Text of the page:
• Listen to those Credit Score commercials; just don't actually use their services. They are required to provide your credit report for free, without enrollment in any credit monitoring service. Get a copy and look it over carefully; look for anything that may be wrong, and work with the reporting agencies to get it removed. You want to go into the pre-approval process with the best possible credit score you can get.
  • Don't buy more home than you can afford, even if you think you'll need the extra space of a bigger home. The less expensive the home, the less you'll pay in monthly mortgage. You'll be surprised how many kids you can stuff into two bedrooms while maintaining relative comfort.
  • In this housing market, if you can't get a mortgage without any points, you're either not looking hard enough or you probably shouldn't be looking. A "point" is 1% of the principal payout of the loan, paid up front to the lender, usually in return for a break on the interest rate. Sounds good, and it can be worth it if by paying a point you get a 1% deduction in interest rate (you're basically pre-paying at 1% for one year, to get a reduction for the other 29), but if you have good credit you shouldn't need to accept points to get a really good rate (prime mortgage rates are in the high 2% to low 3% right now). If you can't get a mortgage with no points attached, get a copy of your credit report and credit score and make sure there aren't any major problems.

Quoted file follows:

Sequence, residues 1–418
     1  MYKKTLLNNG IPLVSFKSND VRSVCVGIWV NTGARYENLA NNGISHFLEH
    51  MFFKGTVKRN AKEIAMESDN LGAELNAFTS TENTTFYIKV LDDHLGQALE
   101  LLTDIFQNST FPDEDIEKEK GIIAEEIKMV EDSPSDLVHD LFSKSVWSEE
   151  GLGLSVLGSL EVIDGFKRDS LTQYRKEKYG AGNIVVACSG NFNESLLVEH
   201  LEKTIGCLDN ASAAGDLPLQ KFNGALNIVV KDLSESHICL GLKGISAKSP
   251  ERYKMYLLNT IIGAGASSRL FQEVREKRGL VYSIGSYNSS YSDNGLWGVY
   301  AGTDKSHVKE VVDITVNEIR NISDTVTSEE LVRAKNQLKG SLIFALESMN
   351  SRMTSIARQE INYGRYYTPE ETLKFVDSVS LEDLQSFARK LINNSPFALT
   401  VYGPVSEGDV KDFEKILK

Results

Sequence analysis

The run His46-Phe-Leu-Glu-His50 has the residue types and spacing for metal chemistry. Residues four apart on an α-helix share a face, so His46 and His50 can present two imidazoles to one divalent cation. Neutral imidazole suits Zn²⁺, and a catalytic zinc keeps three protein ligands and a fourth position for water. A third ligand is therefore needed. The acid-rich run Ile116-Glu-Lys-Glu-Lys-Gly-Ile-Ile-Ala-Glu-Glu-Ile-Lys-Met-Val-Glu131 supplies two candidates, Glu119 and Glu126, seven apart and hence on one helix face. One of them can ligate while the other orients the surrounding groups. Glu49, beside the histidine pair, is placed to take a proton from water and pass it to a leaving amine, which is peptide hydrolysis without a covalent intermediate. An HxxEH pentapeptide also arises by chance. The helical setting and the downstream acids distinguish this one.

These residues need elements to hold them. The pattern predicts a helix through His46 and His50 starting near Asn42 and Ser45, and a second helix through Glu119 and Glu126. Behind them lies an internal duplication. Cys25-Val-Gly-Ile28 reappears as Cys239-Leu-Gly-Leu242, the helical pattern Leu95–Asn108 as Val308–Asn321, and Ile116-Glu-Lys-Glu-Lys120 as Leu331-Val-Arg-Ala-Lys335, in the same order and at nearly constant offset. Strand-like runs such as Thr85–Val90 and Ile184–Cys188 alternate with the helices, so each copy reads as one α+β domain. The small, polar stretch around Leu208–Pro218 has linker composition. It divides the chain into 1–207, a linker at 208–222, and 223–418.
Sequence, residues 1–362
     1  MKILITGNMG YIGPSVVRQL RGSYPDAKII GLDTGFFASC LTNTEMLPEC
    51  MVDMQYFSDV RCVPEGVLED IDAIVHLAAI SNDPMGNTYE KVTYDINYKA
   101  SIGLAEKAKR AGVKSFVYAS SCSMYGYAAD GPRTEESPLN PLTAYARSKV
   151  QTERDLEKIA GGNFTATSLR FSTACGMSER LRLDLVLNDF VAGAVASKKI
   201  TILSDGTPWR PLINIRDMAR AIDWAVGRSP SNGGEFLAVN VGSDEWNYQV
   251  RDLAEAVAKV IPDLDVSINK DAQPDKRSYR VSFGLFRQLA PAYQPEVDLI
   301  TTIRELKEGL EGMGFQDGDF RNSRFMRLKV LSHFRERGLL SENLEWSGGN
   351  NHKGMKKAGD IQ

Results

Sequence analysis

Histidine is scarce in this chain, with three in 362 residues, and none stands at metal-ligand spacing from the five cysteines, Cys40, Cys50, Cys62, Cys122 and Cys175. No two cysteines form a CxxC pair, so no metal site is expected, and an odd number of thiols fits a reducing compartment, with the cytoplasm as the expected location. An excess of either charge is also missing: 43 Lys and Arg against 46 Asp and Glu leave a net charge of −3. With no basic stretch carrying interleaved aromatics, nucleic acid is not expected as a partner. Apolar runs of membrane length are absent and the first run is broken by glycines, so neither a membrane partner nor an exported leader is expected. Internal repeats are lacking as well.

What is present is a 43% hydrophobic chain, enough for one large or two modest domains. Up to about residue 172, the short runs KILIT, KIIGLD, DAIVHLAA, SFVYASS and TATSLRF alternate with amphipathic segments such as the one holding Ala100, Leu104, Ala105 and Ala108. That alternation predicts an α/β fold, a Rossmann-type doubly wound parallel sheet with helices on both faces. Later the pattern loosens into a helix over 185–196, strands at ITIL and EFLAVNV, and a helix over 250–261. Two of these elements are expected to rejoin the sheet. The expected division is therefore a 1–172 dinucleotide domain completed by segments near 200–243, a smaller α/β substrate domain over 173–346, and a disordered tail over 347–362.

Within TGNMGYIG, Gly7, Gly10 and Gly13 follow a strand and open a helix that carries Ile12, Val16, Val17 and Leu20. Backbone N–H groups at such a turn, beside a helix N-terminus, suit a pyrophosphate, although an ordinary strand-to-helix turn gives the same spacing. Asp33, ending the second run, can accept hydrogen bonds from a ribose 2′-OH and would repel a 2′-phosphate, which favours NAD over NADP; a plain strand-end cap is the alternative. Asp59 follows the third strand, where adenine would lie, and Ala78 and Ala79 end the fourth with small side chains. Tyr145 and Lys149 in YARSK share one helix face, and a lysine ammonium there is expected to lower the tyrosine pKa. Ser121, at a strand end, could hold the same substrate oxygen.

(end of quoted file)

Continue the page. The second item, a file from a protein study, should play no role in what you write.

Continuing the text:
• Try to bring the full 20% of the purchase price to closing as a down payment; bring more if you can. While options exist, at least in the U.S., for homebuyers to bring as little as 3.5% to closing, all of them are "less now, more later" options that will increase your monthly payments, at least for a while, in the form of higher rates on secondary loans, and/or MIP payments on FHA loans.
  • A 30-year term will lower your monthly payments, but increase your total cost of capital; not only will the rate be higher, you'll be paying it on more money longer. If you feel comfortable with 15-year terms, seriously consider it. At the very least, if you get 30-year terms, make extra principal payments as you can afford them.